174 THE ENZYME TREATMENT OF CANCER
evidences, and they were not at all numerous. The opinion then formed was, that, in the course of two or three days more, even these evidences of epithelioma would have vanished. Very shortly afterwards the same hospital physician had a similar result in an American patient suffering from cancer of the tongue.
This liquefaction of cancer, which, it may be added, can only be carried out safely in the presence of large quantities of amylopsin, is, of course, a stereo-chemical reaction. Now, Dr. Bainbridge admits (p. 32) that it occurs “ in some cases.” As it is a chemical action, which must happen invariably under proper scientific conditions, the onus was upon Dr. Bainbridge to prove why it occurred “in some cases” and not in others; why there was an apparent exception to this chemical reaction. The reason, of course, was, that in many of the very advanced cases experimented upon the strengths and doses of the injections were inadequate to perform this chemical reaction. But this obvious explanation seems never to have occurred to the author.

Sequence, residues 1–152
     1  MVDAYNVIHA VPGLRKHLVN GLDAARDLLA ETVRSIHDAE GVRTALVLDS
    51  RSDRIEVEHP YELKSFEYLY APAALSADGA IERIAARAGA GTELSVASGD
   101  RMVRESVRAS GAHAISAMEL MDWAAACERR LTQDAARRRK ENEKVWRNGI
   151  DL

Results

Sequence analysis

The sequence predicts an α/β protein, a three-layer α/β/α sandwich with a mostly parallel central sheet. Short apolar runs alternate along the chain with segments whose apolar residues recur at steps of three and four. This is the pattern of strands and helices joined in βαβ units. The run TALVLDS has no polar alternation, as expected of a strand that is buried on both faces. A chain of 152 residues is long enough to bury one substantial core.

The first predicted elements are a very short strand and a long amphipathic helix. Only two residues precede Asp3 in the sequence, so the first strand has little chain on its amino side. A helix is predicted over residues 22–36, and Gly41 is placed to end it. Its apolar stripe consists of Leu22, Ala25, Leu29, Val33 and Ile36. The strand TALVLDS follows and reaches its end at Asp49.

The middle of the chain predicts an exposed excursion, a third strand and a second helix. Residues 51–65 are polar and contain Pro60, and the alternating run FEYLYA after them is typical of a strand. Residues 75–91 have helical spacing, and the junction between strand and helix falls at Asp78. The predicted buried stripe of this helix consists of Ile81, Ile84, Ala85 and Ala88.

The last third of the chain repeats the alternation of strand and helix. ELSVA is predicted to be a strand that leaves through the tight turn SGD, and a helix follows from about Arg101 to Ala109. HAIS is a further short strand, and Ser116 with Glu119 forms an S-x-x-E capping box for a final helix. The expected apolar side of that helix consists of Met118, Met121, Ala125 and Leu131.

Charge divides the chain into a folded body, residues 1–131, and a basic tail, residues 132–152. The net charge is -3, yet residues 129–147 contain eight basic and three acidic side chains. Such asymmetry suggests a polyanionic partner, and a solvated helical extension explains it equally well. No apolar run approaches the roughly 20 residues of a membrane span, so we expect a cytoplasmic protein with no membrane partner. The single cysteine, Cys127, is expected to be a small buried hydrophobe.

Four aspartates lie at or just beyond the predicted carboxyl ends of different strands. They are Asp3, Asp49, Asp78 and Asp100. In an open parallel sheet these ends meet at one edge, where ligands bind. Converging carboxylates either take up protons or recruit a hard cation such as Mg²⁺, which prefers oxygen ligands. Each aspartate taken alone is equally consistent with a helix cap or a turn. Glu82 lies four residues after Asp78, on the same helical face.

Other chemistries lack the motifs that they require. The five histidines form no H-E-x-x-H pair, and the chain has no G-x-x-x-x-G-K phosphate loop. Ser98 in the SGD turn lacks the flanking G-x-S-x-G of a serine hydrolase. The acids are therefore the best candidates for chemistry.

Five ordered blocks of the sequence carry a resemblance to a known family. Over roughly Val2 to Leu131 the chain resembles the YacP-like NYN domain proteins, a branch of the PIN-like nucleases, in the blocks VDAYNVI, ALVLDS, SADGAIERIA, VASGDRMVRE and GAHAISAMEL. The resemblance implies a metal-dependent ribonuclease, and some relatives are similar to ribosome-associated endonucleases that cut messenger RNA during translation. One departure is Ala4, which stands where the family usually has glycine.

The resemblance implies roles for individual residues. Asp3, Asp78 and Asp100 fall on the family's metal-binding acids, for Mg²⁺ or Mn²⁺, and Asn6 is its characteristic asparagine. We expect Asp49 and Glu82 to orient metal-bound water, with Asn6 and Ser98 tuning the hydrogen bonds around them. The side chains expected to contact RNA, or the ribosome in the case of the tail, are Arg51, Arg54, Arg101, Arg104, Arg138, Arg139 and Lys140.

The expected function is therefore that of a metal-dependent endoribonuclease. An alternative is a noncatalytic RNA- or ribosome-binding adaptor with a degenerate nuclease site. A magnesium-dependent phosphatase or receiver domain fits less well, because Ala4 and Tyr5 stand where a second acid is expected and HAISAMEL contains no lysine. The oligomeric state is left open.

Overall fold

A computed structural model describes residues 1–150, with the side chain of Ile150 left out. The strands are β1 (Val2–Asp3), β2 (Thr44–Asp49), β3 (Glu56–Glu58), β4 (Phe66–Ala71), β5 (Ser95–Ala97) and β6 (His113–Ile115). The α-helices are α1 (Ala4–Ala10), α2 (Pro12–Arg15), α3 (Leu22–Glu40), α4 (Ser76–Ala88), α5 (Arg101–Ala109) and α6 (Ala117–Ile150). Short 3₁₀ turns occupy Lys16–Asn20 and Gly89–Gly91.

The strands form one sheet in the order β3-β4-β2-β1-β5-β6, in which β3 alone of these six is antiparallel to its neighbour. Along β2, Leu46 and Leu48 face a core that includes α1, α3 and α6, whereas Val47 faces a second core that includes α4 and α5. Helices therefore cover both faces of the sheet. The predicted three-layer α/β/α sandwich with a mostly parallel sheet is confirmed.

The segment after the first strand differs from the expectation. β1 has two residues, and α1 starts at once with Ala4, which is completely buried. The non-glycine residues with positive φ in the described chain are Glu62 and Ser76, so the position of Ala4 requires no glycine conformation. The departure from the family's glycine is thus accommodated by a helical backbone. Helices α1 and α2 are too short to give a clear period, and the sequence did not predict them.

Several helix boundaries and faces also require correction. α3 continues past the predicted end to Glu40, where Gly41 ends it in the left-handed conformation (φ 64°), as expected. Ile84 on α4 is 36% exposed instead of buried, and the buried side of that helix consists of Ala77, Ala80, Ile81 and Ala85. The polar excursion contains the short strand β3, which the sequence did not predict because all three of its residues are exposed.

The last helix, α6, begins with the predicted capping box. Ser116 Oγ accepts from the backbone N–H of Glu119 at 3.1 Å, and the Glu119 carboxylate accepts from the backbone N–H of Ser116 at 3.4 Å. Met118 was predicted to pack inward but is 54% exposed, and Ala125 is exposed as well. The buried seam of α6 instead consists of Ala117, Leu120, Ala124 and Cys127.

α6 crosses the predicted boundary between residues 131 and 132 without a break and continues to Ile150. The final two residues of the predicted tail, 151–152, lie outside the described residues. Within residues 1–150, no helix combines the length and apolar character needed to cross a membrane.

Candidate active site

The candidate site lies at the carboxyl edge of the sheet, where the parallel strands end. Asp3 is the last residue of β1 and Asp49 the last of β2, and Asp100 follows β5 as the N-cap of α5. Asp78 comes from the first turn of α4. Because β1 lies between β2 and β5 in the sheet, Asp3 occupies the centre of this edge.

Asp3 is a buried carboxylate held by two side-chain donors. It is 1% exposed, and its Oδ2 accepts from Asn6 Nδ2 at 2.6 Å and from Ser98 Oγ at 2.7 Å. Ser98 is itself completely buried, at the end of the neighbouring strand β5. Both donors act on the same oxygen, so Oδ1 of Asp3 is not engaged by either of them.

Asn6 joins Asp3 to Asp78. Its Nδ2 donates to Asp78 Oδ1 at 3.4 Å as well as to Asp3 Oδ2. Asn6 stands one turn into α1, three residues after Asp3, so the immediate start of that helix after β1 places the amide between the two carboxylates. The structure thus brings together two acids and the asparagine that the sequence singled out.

Regarded from the point of view of science, this liquefaction of a living malignant tumour by means of adequate injections of trypsin and amylopsin is seen to be of momentous importance. It stamps the treatment, when scientifically given, as one continuous and sustained stereo-chemical reaction. Obviously, the liquefaction of the tumour and of any metastases is the aim of the treatment. To the writer it does not seem that great difficulties will usually be encountered with glandular metastases, for again and again he has known these to disappear, even when the main tumour continued its career of growth and destruction. But in two ways at least the matter has great practical import. Since the liquefaction is the goal to be aimed at, and since all toxic